Despite the pressures that increased visitor numbers have created, it is, of course, also a good problem to have in one sense.  The success of the vaccination programme has meant people can get out again, meet friends and family and get back to life as normal and that is good to see.
If you would like to support the RNLI in their work, The South West Lifeguard Appeal has now been launched and is aimed at raising money to support the training of SW Lifeguards. You may donate by visiting:  https://www.justgiving.com/campaign/SW-Lifeguard-Appeal-2021 or scanning a QR code from the lifeguards at the beaches. 

Thursday, 19 August 2021

Afghanistan and Redruth Skate Park

The current events in Afghanistan are deeply distressing.  The decision by the US to fully withdraw its remaining presence earlier this summer left its allies, including the UK, with little option but to do the same.  The speed at which the Afghan government has collapsed has been a surprise.  They were well trained and equipped after many years of support but it is clear that there was a collapse in confidence in their ability to stop the Taliban in the absence of other support.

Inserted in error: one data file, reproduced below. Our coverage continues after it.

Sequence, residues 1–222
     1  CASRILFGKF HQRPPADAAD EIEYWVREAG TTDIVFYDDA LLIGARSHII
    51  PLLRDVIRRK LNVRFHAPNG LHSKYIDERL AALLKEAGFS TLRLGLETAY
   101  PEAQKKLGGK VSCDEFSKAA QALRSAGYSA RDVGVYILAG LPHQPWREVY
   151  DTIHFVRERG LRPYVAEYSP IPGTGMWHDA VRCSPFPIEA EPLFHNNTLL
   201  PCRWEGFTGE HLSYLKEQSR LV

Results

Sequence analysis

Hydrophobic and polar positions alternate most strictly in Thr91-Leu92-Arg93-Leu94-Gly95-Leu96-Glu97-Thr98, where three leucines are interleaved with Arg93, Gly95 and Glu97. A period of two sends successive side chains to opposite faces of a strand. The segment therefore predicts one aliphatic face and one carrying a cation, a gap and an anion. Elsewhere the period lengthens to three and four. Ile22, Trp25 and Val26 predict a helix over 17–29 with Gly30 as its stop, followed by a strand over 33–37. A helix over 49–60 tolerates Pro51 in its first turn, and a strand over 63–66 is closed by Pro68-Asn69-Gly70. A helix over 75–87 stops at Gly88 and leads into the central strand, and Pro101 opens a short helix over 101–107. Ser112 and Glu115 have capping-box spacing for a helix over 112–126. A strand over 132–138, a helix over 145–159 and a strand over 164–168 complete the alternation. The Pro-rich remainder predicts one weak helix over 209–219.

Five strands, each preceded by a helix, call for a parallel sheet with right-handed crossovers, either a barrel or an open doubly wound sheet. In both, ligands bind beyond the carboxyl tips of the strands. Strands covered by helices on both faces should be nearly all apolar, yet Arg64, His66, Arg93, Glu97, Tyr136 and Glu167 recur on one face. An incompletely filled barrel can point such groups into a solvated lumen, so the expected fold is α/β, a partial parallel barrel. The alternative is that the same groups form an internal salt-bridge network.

The war in Afghanistan was difficult and hard-fought.  In 2006 when I was an adviser to David Cameron I went to Kandahar and Camp Bastion and the professionalism of our troops and the task they were undertaking was extraordinary.  The real focus now must be to do all that we can to help those Afghans who supported us during those difficult years.  We have said we will take 20,000 refugees but much more urgent is to use the next days and weeks to evacuate as many of those people as we can to ensure their safety. 

 

Redruth Skate Park 

For a number of years, town councillors in Redruth have wanted to create better facilities for young people and the idea of a skate park has been frequently mooted.  A few years ago there was an idea of doing something at Gweal-an-Top and interest in the concept was tested by having a temporary mobile skate park set up.  The idea has finally come to fruition as we recently received the welcome news that the Redruth Skate Park project has been awarded an additional £48,000 from the SUEZ Communities Trust.  

Redruth Town Council and Redruth Skatepark Association have been working on the skatepark project at East End playing field for some time and were very pleased by the new allocation of funding which has got the project across the line. Work on the site began on the 2nd of August and is progressing well so far.